## USACO 2024 US Open Contest, Gold

## Problem 3. Smaller Averages

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Bessie has two arrays of length $N$ ($1 \le N \le 500$). The $i$-th element of the first array is $a_i$ ($1 \le a_i \le 10^6$) and the $i$-th element of the second array is $b_i$ ($1 \le b_i \le 10^6$).

Bessie wants to split both arrays into **non-empty** subarrays such that the
following is true.

- Every element belongs in exactly 1 subarray.
- Both arrays are split into the same number of subarrays. Let the number of subarrays the first and second array are split into be $k$ (i.e. the first array is split into exactly $k$ subarrays and the second array is split into exactly $k$ subarrays).
- For all $1 \le i \le k$, the average of the $i$-th subarray on the left of
the first array is
**less than or equal to**the average of the $i$-th subarray on the left of the second array.

Count how many ways she can split both arrays into non-empty subarrays while satisfying the constraints modulo $10^9+7$. Two ways are considered different if the number of subarrays are different or if some element belongs in a different subarray.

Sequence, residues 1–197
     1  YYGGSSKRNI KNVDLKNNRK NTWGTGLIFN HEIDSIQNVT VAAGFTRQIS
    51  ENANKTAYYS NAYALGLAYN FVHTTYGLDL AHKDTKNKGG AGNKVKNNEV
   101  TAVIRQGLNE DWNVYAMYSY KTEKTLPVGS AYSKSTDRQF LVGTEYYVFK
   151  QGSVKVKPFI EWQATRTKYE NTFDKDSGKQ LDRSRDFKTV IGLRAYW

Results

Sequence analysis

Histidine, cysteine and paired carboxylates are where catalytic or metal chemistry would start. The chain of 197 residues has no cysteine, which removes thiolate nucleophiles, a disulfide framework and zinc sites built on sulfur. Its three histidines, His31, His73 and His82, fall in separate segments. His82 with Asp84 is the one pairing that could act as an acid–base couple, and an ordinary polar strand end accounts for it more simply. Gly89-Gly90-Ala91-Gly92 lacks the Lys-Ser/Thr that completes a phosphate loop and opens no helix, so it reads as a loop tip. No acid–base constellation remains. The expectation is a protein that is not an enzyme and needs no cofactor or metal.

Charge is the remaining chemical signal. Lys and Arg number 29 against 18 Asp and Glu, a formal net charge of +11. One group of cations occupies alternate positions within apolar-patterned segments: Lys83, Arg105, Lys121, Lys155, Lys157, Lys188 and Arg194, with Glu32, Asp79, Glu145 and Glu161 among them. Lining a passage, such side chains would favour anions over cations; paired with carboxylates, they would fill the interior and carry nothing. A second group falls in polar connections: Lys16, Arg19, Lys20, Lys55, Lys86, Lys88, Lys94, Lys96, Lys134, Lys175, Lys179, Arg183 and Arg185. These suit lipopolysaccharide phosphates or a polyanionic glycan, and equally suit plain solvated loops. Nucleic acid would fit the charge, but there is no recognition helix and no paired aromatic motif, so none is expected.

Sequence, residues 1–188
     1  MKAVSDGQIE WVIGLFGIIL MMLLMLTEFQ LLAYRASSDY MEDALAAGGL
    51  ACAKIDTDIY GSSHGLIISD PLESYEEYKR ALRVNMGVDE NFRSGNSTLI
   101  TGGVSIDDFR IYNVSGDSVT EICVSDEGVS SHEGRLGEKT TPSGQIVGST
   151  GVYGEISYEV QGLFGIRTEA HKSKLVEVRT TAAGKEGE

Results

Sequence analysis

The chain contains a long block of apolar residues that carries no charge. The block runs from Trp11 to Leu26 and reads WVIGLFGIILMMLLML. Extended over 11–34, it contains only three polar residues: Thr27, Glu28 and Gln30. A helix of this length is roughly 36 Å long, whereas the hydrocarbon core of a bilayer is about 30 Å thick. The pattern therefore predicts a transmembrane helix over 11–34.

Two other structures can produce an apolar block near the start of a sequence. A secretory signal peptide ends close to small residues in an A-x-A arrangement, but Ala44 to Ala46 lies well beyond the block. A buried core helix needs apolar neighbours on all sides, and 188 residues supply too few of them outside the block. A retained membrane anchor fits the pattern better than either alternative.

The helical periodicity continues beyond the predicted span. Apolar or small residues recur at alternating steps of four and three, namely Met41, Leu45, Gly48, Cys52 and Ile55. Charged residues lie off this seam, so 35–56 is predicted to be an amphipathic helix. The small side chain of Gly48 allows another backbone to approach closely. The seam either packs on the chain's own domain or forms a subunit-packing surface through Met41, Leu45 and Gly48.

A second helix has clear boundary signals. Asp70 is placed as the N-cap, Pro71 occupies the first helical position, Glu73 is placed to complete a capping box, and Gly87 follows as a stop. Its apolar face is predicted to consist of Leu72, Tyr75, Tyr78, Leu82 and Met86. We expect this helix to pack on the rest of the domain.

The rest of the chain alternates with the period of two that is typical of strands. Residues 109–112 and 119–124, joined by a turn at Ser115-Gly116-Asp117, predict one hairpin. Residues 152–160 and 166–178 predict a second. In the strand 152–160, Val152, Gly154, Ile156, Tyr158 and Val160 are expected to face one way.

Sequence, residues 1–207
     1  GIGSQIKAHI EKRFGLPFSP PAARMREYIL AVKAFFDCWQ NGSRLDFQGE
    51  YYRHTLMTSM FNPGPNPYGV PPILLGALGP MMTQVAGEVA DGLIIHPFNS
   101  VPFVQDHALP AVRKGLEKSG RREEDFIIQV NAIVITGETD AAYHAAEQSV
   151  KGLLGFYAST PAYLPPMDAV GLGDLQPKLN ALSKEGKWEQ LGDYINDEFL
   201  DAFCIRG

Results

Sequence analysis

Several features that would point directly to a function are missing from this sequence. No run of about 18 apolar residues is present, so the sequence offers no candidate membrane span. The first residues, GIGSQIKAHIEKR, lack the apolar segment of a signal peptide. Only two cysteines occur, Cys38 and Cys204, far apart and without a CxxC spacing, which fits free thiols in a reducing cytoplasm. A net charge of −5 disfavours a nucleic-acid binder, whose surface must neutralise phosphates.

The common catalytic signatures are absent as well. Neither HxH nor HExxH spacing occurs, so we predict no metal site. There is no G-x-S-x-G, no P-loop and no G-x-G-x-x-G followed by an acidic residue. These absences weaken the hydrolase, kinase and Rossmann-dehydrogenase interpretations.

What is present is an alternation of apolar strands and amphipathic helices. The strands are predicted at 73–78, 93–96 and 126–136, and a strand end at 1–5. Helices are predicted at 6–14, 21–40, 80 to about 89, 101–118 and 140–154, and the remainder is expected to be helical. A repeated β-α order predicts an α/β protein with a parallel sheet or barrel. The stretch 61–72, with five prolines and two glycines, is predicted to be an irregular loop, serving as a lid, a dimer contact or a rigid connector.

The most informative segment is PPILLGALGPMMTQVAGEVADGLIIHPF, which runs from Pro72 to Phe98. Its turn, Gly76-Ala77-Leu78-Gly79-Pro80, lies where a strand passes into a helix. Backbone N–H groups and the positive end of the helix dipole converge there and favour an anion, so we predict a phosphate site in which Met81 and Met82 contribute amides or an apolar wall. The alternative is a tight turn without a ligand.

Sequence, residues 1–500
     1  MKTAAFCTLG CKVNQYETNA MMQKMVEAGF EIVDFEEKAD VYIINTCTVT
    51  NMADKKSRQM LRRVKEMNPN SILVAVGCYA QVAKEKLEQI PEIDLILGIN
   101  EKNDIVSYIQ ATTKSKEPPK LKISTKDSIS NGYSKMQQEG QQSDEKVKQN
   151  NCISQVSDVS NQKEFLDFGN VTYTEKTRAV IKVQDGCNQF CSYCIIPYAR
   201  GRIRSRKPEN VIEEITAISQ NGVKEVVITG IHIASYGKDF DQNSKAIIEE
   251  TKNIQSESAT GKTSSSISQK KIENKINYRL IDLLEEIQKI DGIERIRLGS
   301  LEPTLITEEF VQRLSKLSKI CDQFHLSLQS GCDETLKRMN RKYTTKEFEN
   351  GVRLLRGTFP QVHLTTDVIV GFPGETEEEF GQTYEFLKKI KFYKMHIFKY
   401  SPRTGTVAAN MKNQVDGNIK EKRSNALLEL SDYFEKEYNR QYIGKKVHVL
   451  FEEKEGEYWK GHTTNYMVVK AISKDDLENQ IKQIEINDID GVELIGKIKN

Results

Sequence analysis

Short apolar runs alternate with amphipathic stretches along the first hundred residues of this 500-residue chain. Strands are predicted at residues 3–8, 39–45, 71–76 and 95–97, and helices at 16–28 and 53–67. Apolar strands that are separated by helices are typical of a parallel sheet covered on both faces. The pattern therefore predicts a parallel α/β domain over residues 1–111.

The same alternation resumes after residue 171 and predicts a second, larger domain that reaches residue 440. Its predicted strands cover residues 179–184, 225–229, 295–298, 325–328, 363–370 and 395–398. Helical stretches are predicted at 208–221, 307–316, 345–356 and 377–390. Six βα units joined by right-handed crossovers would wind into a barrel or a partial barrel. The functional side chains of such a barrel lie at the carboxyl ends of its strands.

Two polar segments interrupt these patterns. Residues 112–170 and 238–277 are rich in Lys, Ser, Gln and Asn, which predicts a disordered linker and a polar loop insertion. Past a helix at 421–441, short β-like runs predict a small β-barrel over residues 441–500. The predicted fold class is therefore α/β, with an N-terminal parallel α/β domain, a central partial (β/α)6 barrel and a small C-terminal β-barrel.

#### INPUT FORMAT (input arrives from the terminal / stdin):

The first line contains $N$.The next line contains $a_1,a_2,...,a_N$.

The next line contains $b_1,b_2,...,b_N$.

#### OUTPUT FORMAT (print output to the terminal / stdout):

Output the number of ways she can split both arrays into non-empty subarrays while satisfying the constraints modulo $10^9+7$.#### SAMPLE INPUT:

2 1 2 2 2

#### SAMPLE OUTPUT:

2The two valid ways are:

- Split the first array into $[1],[2]$ and the second array into $[2],[2]$.
- Split the first array into $[1,2]$ and the second array into $[2,2]$.

#### SAMPLE INPUT:

3 1 3 2 2 2 2

#### SAMPLE OUTPUT:

3The three valid ways are:

- Split the first array into $[1,3],[2]$ and the second array into $[2,2],[2]$.
- Split the first array into $[1,3],[2]$ and the second array into $[2],[2,2]$.
- Split the first array into $[1,3,2]$ and the second array into $[2,2,2]$.

#### SAMPLE INPUT:

5 2 5 1 3 2 2 1 5 2 2

#### SAMPLE OUTPUT:

1The only valid way is to split the first array into $[2],[5,1,3],[2]$ and the second array into $[2],[1,5],[2,2]$.

#### SAMPLE INPUT:

7 3 5 2 3 4 4 1 5 3 5 3 3 4 1

#### SAMPLE OUTPUT:

140

#### SCORING:

- Inputs 5-6: $N \le 10$
- Inputs 7-9: $N \le 80$
- Inputs 10-17: $N \le 300$
- Inputs 18-20: $N \le 500$

Problem credits: Alex Liang